Our View: Post office move holds promise | SteamboatToday.com

Our View: Post office move holds promise

— News that the downtown branch of the U.S. Postal Service plans to move east by 2011 no doubt will cause consternation for many residents who enjoy the convenience of the Third Street location. But overall, the move has the potential to ease downtown traffic and replace an inefficient building with one more suited for the prime location.

Developer Brian Olson confirmed two weeks ago that he has a contract with the Postal Service to purchase the existing post office site at Third Street and Lincoln Avenue and build a new standalone post office facility at his development across from Staples at the intersection of U.S. Highway 40 and Pine Grove Road. Olson said the new, one-story post office building must be completed by Aug. 30, 2011.

A Postal Service spokesman confirmed the deal and said the satellite location in the Sundance at Fish Creek shopping center would be consolidated into the main branch downtown in fall 2009.

City of Steamboat Springs and Postal Service officials have sought a new location for the downtown post office for several years, particularly because of traffic congestion at Third Street and Lincoln Avenue. Officials also say the building is inefficient and doesn’t adequately meet the needs of the Postal Service, particularly as it relates to loading docks for mail trucks.

“They’ve really outgrown the usefulness of that building,” city Planning and Community Development Director Tom Leeson acknowledged last week.

There are many details to be worked out – most important is a traffic study for the new site east of downtown – but we think the move holds promise.

Traffic at Third and Lincoln continues to worsen, and having a high-demand facility at that intersection only adds to the congestion. Although Olson hasn’t announced any plans for the site, it’s not difficult to imagine better uses for a key parcel at the entrance to downtown Steamboat than an aging post office facility.

A better-designed, standalone building could better meet the needs of the Postal Service – loading docks for the trucks that come down Rabbit Ears Pass each day, for example – and residents.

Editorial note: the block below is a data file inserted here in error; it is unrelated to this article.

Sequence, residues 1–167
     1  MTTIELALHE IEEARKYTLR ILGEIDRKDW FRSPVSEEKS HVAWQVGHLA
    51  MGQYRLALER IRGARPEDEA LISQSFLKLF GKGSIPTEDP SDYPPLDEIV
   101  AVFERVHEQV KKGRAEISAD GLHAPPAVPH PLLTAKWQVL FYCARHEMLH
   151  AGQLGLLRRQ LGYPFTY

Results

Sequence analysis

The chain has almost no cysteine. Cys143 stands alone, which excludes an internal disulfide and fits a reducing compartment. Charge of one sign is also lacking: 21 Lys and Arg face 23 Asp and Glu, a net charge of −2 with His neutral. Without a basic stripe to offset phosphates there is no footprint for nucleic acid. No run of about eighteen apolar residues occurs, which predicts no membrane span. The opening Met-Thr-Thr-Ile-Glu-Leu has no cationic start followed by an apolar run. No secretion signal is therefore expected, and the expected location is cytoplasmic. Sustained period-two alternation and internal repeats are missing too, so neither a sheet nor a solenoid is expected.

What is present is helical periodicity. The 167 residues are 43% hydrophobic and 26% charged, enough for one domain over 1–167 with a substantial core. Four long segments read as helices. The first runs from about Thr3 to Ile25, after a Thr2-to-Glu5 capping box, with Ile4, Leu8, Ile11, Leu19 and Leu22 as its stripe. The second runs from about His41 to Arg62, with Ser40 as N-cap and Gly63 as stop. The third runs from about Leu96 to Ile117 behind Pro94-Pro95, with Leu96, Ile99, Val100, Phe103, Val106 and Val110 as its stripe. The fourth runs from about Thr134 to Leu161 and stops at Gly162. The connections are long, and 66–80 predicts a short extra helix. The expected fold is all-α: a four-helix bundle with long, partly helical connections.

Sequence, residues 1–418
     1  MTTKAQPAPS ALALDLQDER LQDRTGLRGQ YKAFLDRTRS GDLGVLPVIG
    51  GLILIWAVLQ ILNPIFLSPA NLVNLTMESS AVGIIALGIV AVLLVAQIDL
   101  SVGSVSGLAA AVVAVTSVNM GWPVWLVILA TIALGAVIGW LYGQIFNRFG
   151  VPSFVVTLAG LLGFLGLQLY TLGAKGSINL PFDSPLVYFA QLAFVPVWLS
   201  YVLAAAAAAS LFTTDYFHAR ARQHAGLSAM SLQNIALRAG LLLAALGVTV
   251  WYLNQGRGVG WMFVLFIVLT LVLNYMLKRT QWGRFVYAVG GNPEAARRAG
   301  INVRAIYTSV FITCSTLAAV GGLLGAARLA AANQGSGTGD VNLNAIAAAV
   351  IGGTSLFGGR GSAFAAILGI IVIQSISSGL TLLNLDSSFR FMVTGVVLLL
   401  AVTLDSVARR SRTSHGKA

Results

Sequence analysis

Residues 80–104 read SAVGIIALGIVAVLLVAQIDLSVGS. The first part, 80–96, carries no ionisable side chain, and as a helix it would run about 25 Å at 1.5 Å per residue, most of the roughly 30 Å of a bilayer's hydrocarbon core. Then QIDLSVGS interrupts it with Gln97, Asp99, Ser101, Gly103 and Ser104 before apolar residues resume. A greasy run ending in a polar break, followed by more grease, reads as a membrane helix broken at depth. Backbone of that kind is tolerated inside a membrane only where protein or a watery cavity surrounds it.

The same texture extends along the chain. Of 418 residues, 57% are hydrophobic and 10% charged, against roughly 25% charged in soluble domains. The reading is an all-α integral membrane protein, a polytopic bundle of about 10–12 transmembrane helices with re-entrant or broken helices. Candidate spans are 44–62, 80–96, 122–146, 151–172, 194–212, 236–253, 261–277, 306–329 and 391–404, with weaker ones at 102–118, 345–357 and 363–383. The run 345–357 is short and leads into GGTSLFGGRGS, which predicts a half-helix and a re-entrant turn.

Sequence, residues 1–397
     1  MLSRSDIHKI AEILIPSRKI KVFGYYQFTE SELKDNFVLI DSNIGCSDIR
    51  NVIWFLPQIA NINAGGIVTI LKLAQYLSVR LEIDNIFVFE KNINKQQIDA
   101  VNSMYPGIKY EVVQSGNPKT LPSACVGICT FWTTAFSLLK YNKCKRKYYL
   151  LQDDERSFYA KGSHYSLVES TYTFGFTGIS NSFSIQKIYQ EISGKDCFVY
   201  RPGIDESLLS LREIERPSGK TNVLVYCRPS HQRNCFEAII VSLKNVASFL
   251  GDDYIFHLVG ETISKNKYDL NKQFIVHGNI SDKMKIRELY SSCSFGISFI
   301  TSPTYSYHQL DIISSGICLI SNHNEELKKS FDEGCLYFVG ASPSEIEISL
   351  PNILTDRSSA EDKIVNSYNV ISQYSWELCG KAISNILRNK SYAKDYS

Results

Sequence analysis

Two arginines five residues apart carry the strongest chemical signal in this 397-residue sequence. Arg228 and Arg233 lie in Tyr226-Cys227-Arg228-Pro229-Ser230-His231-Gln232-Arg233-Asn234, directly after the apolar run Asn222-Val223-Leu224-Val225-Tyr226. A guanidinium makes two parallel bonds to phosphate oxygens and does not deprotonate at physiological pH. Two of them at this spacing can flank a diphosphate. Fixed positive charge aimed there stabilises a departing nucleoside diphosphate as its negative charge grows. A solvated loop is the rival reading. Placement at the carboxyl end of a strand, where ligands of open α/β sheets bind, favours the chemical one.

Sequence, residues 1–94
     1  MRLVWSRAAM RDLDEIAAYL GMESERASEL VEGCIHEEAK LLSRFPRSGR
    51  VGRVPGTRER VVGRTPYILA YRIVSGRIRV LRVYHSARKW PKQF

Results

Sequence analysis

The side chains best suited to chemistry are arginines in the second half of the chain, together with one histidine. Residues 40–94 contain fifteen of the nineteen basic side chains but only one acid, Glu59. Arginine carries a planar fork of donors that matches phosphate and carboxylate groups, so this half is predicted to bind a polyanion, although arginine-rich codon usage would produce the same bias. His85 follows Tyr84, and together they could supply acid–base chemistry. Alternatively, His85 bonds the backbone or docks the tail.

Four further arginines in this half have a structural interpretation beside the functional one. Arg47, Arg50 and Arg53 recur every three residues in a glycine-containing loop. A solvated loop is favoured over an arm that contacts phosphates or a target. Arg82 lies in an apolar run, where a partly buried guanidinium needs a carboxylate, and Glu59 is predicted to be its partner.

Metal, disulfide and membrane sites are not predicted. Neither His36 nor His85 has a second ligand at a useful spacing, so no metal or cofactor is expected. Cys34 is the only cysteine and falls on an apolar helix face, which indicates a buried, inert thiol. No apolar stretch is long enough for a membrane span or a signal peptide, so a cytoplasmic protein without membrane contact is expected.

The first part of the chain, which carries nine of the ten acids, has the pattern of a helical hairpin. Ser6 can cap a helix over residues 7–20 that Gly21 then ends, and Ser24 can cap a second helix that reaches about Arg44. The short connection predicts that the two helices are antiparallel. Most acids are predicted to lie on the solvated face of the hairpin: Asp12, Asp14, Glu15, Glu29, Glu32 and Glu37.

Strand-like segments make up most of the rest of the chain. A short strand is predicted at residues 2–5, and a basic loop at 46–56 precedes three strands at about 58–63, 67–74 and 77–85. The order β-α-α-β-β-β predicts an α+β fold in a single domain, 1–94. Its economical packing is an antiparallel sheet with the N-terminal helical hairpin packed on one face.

That doesn’t mean there aren’t some concerns with the proposed location and certain timing elements of the move.

A significant number of residents who have post office boxes at the downtown location live in Old Town or in the numerous subdivisions off Fish Creek Falls Road and Steamboat Boulevard. A new post office location east of downtown could create a significant amount of additional traffic heading from downtown toward the mountain area. Any sort of development at that intersection also will necessitate some significant traffic improvements, something Leeson said could make or break the development.

Also, the decision to close the satellite branch in Sundance begs two questions: 1) Are there enough post office boxes at the downtown branch to satisfy the demand posed by the consolidation, and 2) Why close the satellite almost two full years before the new building will be finished? Does it make sense to force all those people to a downtown location most already agree is not set up to handle the existing demand, let alone increased demand?

We’d also be remiss to not mention that for many residents, the downtown post office is a valuable community hub – a place where neighbors, friends, co-workers and old acquaintances bump into one another and reconnect, if only for a minute or two, while checking their mailboxes.

We understand that charm, but we think the same could be true of a single post office facility located somewhere besides a busy intersection in the downtown district.

Finally, we’re hopeful an additional post office branch will never be needed west of downtown Steamboat, where most future residential development is planned. That’s largely because all new residential developments in city limits are required to include clusterboxes, eliminating the need for most residents to go to an actual post office facility for anything other than shipping needs.

Ultimately, it’s hard not to assume all residents will become less reliant on physical mail in the future – all the more reason to rid downtown of a post office the city has outgrown.

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